Our community garden

When I moved into my home, last May, it didn’t take long to meet a few of my neighbors. It was a beautiful day and I had taken a book outside to sit in the sun and read.  Little by little chairs were dragged over to join me and my book was quickly forgotten.  The view from my front door faces an open field with nothing but weeds and I mentioned how it would be nice to have that area cleared so we could have a garden there.  I envisioned a place where we could gather to have picnics and just hang out.  One of my neighbors picked up her phone and called the management office to see if this could be done.  That was the start to our community garden.

We have been out in the garden several times already this year clearing more weeds and debris from years of the land not being touched.  The view from my front door has become much more beautiful to look at with each passing day.

Yes I rent my home, but renting shouldn’t stop you from getting out there and making the most of what is available to you.  We live in a time where our food is brought in from many miles away, in some instances from another continent.   So why don’t more people join together to start their own community garden?

For many, the idea of how to start and organize such a project can seem overwhelming.  But there are resources out there which break it down for you in a step by step manner.

The benefits are so vast I could write for days.  These include:

  • Better Health from both the physical labor working in the garden to an improved diet as a result.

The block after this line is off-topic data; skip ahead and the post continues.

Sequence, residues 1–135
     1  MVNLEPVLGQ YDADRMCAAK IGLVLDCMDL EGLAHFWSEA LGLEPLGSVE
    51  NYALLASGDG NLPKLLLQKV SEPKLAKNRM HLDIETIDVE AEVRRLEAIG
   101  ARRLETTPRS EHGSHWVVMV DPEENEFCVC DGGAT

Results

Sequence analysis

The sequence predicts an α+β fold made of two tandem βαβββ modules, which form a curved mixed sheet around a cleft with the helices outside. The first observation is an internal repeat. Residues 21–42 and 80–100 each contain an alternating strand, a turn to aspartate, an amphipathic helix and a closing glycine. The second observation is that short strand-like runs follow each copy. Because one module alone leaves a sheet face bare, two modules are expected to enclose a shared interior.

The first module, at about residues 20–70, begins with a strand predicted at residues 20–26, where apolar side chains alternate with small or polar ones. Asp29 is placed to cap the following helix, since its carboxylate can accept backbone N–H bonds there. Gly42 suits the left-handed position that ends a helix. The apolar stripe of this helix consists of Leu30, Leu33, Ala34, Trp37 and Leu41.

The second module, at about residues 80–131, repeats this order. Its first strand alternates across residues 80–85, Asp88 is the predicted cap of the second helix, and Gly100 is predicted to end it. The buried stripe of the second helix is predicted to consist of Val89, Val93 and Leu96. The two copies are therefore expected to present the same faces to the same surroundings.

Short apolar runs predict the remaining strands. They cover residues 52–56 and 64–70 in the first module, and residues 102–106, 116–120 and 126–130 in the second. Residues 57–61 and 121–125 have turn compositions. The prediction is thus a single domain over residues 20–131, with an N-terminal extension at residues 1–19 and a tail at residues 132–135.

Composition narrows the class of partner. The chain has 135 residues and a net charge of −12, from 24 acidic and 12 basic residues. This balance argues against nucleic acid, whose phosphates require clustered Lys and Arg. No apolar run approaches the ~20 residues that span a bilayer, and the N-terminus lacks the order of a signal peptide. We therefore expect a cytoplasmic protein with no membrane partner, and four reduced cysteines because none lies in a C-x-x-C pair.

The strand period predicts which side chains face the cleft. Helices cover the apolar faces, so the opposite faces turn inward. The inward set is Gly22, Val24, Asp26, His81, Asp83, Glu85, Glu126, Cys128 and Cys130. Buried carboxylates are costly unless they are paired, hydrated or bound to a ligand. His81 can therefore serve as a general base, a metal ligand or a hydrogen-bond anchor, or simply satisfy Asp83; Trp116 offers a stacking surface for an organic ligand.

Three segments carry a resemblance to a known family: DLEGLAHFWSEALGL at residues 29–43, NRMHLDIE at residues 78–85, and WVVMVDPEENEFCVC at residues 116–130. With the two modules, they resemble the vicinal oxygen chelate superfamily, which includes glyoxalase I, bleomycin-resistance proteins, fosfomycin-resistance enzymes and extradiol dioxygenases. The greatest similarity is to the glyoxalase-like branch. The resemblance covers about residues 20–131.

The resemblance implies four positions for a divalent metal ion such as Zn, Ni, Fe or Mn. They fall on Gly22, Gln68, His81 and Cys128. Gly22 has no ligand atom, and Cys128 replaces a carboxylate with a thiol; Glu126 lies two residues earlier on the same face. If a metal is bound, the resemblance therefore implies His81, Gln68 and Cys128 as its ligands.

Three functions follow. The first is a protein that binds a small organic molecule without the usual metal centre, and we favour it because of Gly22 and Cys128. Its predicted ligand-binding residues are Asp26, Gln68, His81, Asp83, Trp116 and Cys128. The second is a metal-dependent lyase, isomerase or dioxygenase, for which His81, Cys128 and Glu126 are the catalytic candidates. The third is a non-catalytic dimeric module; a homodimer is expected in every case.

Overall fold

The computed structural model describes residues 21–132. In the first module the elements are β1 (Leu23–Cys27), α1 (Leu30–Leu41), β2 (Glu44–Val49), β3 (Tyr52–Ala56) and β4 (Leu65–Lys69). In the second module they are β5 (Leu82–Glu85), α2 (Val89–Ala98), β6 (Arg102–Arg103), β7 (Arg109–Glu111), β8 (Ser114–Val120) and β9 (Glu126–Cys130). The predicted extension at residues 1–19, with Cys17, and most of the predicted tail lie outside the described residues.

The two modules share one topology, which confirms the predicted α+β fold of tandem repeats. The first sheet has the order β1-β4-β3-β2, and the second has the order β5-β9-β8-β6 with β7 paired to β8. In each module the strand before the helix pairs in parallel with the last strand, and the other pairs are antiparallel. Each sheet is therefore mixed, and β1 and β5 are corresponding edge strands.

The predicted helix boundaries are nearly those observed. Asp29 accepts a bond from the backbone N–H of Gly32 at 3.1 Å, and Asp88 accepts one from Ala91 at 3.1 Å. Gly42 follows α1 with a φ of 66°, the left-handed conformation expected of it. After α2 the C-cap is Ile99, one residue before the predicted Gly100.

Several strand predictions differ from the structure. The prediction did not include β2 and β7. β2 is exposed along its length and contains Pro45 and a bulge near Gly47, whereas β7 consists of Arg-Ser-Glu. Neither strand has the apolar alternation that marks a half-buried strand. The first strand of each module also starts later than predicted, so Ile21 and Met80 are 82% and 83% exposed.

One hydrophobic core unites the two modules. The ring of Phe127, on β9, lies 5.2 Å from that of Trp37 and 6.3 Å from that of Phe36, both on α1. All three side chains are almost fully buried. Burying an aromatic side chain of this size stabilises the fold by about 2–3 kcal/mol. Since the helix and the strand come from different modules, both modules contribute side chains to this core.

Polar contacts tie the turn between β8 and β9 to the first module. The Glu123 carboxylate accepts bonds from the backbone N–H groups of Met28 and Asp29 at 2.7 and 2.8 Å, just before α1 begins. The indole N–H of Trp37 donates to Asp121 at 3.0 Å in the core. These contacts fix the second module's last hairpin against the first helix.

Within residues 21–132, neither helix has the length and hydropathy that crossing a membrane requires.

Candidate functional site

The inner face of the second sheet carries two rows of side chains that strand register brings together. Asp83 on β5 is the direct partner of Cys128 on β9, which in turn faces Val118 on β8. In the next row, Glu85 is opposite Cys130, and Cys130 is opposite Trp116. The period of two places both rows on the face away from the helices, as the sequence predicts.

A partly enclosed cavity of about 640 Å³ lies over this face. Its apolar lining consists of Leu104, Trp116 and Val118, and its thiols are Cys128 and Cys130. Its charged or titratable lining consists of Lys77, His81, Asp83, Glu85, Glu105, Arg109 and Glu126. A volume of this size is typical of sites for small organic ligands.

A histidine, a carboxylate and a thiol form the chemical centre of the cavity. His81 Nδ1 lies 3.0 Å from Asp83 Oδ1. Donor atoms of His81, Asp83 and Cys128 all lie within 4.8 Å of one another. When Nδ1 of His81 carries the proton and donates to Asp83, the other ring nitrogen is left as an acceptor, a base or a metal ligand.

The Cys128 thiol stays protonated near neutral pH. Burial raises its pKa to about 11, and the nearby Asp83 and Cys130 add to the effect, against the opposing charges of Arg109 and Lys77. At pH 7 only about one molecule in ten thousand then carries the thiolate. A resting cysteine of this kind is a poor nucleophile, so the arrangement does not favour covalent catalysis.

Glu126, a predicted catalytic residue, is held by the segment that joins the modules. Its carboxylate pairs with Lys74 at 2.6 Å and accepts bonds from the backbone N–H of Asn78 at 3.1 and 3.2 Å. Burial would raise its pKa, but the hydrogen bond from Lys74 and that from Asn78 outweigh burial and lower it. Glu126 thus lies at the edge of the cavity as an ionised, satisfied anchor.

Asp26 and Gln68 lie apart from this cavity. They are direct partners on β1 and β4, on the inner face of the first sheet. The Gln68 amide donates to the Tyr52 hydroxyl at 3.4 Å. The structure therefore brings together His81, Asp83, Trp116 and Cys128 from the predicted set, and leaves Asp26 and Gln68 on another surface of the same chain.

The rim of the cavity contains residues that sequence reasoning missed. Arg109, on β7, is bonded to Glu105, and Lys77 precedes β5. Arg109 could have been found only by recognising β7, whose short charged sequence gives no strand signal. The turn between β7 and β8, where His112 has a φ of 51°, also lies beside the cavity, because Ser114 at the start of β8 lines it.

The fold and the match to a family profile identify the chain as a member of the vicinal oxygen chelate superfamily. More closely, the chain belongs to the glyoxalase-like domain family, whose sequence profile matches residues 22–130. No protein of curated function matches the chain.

• A feeling of a safer neighborhood simply by getting to know your neighbors through the process
  • Reduced crime in neighborhoods where community gardens are located
  • Increased neighborhood stability.  You will find more owner occupied homes, and those that rent tend to stay longer.

The information available suggests that starting a community garden can be as low as $200 for a small one or as high as $4000.  My experience so far is that this can be done quite inexpensively.  In my case, we are spending a lot of time versus money in getting this started. To get our first plot started last year a total outlay for lumber and plants was less than $50.  Living near farms and knowing a few of those farmers we were able to have a load of manure free of charge.  In many communities you can find compost free on local days if you are willing to pick it up.

While our garden is a work in progress we have already found many benefits.

  • Place for the children to play away from the parking areas
  • A quiet spot to visit away from the apartments
  • An opportunity to introduce the children to the wildlife present, yes including the worms and why they are so good for our garden.
  • A place to watch the sun set over the lake.
  • A place to have picnics
  • We even found a wide patch of wild strawberries giving us free food
  • We now have the opportunity to have healthy food, without heading to the store.

Tomorrow is supposed to be just as warm, guess where you will find me?

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